SSX On Tour
Once you get past the awful musical accompaniments and the tedious, fourteen-year-old middle class child lingo of "skater boys"- the type Avril Lavigne would be proud to endorse - you discover that SSX On Tour is one of the better examples of the genre out there. You get to design your own character or "racer" and send your graphically enhanced alter ego hurtling down mountains and along precisely placed metal railings covered with a hint of snow. You can ski or snowboard through time trials, new challenges, classic races and death defying stunt routines. A two-player option is available so you can play along with your friends. This game isn't for those with hearts that murmur or those who are prone to bouts of vertigo. When you jump off the side of a mountain, you feel the air above and beneath you and, when you come crashing back down to earth with a bump, you also feel every limb crack as you frantically press the buttons on your control pad in an effort to rouse your creation from their injury induced slumber.
Hurtling down the 12 new tracks at night is a "seat of your pants" experience and the "tour" level is ingenious as it allows you to progress in the game as if you were learning skiing and snowboarding for real. You get better and faster as your skills develop and it is satisfying when, finally, you break the mould and come home first. There is one bizarre moment in one of the race circuits where you appear to be gliding across a cafe's roof. Not sure what the owner of the business thinks of your outfit, your hairstyle or your skill with the board but such an inclusion as the cafe does make the race courses that much more realistic.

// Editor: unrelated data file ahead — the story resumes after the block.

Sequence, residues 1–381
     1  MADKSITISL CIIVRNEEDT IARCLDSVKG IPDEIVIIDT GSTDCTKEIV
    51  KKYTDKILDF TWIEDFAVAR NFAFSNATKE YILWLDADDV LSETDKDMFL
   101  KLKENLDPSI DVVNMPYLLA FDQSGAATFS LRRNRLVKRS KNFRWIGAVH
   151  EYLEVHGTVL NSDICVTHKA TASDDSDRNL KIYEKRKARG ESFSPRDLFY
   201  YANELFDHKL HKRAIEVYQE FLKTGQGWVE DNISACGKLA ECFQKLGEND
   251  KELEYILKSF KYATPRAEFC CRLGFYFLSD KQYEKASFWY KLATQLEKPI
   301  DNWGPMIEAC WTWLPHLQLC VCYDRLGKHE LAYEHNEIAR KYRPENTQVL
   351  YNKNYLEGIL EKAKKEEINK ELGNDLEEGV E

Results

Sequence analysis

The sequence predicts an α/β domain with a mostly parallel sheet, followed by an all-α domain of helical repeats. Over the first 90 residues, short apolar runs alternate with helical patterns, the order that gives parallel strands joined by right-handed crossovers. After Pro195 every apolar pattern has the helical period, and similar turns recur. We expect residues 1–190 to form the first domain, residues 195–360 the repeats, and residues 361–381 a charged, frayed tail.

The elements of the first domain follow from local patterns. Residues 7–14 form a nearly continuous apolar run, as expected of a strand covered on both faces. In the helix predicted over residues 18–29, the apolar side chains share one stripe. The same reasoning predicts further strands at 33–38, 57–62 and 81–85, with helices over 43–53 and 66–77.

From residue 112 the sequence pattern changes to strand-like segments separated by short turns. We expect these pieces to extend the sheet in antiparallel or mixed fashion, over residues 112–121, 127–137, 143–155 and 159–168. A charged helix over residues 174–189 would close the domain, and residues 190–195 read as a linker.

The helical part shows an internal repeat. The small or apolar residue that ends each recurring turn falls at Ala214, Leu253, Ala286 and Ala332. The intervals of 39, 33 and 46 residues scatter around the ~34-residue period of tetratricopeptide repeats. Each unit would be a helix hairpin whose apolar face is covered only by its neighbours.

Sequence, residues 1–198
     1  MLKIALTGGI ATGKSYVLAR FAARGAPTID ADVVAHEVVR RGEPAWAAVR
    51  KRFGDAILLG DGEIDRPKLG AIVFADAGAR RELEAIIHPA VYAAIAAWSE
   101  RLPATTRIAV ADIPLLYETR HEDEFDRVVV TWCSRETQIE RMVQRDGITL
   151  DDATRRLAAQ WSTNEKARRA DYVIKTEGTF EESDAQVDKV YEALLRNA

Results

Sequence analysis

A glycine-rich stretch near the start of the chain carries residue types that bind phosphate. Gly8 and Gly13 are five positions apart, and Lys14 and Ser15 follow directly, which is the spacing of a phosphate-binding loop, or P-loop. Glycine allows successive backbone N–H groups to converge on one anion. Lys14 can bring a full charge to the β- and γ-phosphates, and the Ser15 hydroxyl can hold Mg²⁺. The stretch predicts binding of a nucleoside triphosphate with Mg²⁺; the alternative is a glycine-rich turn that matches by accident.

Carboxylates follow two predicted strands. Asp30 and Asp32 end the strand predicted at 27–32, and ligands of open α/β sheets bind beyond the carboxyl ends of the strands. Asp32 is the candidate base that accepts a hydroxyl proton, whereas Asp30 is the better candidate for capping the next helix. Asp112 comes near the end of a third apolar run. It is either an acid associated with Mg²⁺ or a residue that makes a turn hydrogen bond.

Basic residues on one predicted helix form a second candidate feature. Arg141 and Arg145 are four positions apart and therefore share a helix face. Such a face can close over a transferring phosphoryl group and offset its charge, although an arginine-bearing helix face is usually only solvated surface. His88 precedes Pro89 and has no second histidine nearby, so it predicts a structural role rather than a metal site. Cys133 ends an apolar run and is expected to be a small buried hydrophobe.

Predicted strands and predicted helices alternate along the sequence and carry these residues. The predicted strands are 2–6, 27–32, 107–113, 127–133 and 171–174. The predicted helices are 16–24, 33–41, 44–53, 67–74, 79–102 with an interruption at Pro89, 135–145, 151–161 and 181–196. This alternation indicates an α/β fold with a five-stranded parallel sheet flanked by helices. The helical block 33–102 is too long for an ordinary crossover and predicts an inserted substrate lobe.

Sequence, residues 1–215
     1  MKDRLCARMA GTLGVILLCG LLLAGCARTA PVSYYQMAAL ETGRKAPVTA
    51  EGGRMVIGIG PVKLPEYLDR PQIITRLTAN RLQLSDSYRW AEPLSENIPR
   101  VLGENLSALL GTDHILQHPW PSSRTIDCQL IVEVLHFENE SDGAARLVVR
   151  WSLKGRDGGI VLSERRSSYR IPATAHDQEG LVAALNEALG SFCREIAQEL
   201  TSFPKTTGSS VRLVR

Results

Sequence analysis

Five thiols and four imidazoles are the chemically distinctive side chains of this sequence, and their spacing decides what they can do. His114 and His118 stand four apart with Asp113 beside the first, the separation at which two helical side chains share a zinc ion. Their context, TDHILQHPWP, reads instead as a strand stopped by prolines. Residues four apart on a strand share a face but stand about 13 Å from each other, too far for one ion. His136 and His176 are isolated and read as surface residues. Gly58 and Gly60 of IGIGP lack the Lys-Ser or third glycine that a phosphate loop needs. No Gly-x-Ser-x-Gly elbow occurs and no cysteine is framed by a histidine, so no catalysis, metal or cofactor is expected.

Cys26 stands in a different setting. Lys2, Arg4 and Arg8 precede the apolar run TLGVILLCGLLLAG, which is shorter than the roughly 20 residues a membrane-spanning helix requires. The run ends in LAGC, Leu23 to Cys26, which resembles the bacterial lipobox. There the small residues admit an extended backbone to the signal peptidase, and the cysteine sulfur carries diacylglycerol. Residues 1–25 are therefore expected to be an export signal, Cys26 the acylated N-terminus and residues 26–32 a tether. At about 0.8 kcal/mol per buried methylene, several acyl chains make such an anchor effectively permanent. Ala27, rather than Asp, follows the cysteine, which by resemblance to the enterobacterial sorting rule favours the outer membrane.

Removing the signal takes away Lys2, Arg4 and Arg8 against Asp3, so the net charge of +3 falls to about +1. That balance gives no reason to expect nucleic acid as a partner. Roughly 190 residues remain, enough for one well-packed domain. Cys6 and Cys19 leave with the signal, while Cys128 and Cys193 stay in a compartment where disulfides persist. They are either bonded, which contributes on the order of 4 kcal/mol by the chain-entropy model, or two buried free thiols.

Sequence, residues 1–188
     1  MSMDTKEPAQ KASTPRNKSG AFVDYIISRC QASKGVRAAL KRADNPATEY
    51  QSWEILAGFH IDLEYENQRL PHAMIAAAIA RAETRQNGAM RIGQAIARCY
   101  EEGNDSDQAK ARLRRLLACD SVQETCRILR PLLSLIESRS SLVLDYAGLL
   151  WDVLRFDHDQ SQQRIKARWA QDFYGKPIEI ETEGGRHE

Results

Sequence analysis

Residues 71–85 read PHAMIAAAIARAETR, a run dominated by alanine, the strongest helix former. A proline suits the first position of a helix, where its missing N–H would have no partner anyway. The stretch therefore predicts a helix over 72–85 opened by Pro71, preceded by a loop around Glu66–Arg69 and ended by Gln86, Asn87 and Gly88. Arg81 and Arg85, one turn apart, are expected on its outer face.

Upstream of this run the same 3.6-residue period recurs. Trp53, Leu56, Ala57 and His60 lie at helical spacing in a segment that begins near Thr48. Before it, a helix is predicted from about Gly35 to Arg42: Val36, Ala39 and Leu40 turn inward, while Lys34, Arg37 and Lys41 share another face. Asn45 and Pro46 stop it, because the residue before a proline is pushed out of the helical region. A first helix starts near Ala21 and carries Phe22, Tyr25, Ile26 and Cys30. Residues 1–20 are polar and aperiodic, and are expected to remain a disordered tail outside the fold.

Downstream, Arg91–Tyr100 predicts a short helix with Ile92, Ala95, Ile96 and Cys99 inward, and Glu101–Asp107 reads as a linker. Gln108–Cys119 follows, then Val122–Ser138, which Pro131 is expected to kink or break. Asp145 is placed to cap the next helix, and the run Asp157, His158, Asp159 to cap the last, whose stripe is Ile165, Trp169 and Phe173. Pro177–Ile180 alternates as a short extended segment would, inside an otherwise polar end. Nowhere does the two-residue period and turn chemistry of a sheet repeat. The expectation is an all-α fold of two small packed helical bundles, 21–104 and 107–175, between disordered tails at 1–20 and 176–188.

Choosing your level on the basis of a map you have never seen before does make the game confusing to begin with and the casual player will certainly struggle when thrown in at the deep end instead of being slowly introduced to the fine arts of achievements possible on skis and on the snowboard. Even more frustrating is the fact that it is possible to play the same level twice without realising it as the game refuses to save your progress properly and mark out the courses you have completed.
In the "Customise Your Character" mode, you can just about hear the shrieks of some slightly camp fashion expert depicting every single one of your choices for your character's attire, facial features and physical build as: "just fabulous!" Putting yourself into a game is always fun and, let's face it, that's what you're doing here. You're either sketching an enemy into the game so you can miss time a jump on purpose and break his legs or you're putting yourself in the game so you can fully appreciate the glory and applause of victory. But do you really need to be given the power to determine what type of scarf your player wears?
With the exception of the teenage daughter fashion club atmosphere and those few, minor quibbles, this game is a must for those who ski and snowboard on a regular basis and for those who love the thrill of down-hill adventure. The game is easy to play but difficult to master and you will really enjoy mastering the controls, performing the stunts and beating the competition. It would have been nice if staying on a slippery metal pole without falling off was rewarded via points like in the Tony Hawk games but I guess you can't have everything. Enjoy the delights of this delicious winter warmer now.
- Sony releases a pretty 1080p gameplay video of God Of War III on PS4
- Techland shelves Hellraid to focus on Dying Light
- Don't Starve gets a release date for the Wii U
- Here's the trailer for the next episode of Telltale's Game Of Thrones
- Bloodborne will see DLC before the end of the year
- CD Projekt RED addresses visual downgrade issues with The Witcher 3
- Batman: Arkham Knight gets a new trailer featuring the Nine Inch Nails
- This year's Need For Speed is bringing back the narrative
- No Bard's Tale IV on consoles, InXile not ruling it out though